The Buchan Block is a geophysically discrete area with high Bouguer gravity values (mean 2.76-2.78 gu) reflecting relatively dense material at depths of 5 ‑10 km (Ashcroft et al., 1984; Rollin, 1994). The block is bound in the west by the sub-vertical, north-northeast‑trending Portsoy Lineament and in the south by a complex imbricated zone containing several east‑west trending and gently northerly dipping shear zones, e.g the Glen Mark Slide (Harte, 1979). The Portsoy Lineament, picked out by a steep gravity gradient, is internally characterised by numerous steep shear zones (Fettes et al, 1991; Goodman, 1994), many of which are marginal to the larger basic‑ultrabasic bodies (Ashcroft et al, 1984). Voluminous granites, notably the Mount Battock pluton, subsequently intruded the southern margin. The Buchan Block exposes upper Argyll Group and Southern Highland Group rocks which are affected by ‘Buchan type’ metamorphism and deformed into a series of upright to west‑vergent, north‑trending folds. The sequence is upward facing in the north, but significantly large areas of inverted rocks are recorded farther south in Central Deeside, and in the Stonehaven and Collieston ‑Whinnyfold areas. Metamorphic pressure and temperature (P-T) values range from 2 kb, 500°C on the Banffshire Coast, to c. 7.5 kb and 800°C on‑Mid‑Deeside and in Glen Muick (Goodman, 1991). Layered mafic and ultramafic intrusions of the Northeast Grampian Basic Suite (formerly termed the 'Younger’ and ‘Older Basic' intrusions) are restricted to this area in Scotland and both Ordovician ('Older') and Silurian ('Younger') granites are abundant. Geophysical and well data indicate that the Buchan Block extends offshore northwards to the Halibut‑Orkney Lineament and eastwards to the Peterhead Ridge, Buchan Horst and possibly the Renee Ridge (in line with the Highland Boundary Fault) (Figure 1).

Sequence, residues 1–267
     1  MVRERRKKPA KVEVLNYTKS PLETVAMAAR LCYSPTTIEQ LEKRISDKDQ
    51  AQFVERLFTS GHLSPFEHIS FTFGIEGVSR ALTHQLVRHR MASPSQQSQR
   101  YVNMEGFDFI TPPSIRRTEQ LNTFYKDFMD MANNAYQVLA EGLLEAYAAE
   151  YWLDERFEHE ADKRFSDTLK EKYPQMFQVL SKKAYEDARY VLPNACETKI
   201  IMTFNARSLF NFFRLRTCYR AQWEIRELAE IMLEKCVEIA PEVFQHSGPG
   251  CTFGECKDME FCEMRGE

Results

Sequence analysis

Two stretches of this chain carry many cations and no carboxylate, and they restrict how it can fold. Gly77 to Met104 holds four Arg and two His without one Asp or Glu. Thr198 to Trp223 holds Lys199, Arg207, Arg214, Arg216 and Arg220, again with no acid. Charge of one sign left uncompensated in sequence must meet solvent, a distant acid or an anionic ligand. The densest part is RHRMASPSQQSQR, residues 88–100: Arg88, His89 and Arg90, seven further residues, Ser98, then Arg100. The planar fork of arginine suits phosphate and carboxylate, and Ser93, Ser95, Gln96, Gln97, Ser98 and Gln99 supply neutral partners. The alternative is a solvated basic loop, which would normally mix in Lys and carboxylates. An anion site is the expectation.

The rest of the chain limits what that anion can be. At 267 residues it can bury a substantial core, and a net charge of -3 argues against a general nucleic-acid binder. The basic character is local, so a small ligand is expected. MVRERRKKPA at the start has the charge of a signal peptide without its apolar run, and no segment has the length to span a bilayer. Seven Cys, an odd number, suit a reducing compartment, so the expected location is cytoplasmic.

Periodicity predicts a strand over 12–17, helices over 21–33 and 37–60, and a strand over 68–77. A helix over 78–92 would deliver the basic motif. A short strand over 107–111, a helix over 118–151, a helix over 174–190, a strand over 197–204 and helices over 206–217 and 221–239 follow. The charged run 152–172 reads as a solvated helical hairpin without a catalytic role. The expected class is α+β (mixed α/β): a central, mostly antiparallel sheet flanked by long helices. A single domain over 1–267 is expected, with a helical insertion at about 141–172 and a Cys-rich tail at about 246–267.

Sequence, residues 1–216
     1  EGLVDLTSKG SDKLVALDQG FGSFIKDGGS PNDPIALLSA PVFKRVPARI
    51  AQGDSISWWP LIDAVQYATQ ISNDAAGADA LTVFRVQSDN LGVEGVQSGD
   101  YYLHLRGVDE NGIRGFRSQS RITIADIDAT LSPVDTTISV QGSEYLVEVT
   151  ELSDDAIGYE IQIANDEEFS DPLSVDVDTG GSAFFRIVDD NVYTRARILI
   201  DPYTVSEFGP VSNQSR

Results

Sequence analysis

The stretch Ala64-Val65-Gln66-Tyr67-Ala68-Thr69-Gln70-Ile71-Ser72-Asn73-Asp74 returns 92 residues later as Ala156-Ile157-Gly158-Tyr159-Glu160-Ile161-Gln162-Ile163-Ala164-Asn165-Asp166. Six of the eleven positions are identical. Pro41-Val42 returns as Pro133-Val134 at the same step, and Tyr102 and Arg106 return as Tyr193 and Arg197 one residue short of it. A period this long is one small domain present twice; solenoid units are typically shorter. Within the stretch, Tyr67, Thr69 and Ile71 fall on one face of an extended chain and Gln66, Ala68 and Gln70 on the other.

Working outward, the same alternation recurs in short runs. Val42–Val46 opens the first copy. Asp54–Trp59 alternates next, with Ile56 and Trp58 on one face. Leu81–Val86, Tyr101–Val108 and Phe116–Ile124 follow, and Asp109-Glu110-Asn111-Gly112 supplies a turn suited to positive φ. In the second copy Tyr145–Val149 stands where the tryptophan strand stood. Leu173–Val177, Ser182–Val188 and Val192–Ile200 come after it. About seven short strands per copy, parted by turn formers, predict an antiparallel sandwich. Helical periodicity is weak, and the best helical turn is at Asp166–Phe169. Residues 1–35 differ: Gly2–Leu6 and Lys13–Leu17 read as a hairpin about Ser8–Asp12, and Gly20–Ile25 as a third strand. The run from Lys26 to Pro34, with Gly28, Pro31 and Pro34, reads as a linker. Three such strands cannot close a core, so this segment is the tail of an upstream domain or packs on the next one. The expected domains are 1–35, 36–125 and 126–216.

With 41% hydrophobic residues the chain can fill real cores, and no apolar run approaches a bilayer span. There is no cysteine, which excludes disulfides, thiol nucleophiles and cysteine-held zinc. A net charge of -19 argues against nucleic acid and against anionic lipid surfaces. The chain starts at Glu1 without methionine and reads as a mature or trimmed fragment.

The Central Highlands is formed mainly of Dalradian Grampian Group rocks with representatives of the Appin and Argyll groups in its southwest part. Smith et al. (1999) and Robertson and Smith (1999) recognised the presence of an older largely psammitic, high grade, migmatitic basement, the Dava-Glen Banchor succession, formerly termed the Central Highland Migmatite Complex, which is onlapped by the Dalradian sequence. The Grampian Group units generally exhibit low to moderate Caledonian deformation with upward, west to southwest‑facing folds that show distinctly sinuous axial traces. Note that the original correlation of the Grampian Group (dominantly psammites) with the Moine rocks of the Northwest Highlands is no longer tenable. The Moine Supergroup sensu stricto was deposited between 950 and 873 Ma, whereas the Dalradian succession was laid down between c.750 and 510 Ma. An older (pre-800 Ma) deformational and metamorphic history is evident in the Central Highland ‘basement’ rocks but they are cut by shear zones and have been reworked by the ubiquitous Caledonian deformation and amphibolite grade metamorphism. The overall sequence is affected by Early Ordovician penetrative folding and related pervasive fabrics, particularly well-seen in prominent steep belts (e.g. Kinlochlaggan Steep Belt), and by a later Ordovician phase of widespread folding and pervasive amphibolite grade fabrics. Regionally, metamorphism attained kyanite grade in the southwest and eastern parts of the area, with P-T values of 8 kb and 650°C (Phillips et al, 1999; Beddoe-Stephens, 1990). In its northeast part andalusite prophyroblasts are overprineted by kyanite indicating a pressure increase of around 2.5 kb during Caledonian orogenesis. In the central area local migmatisation of semipelitic and potash‑feldspar‑rich psammitic units occurred. These amphibolite grade conditions, accompanied by some granite intrusion (e.g. Strathspey, Findhorn granites) occurred at around 445-455 Ma (Clayburn, 1981; Highton et al, 1999). Both Ordovician and Silurian age granite plutons are again present.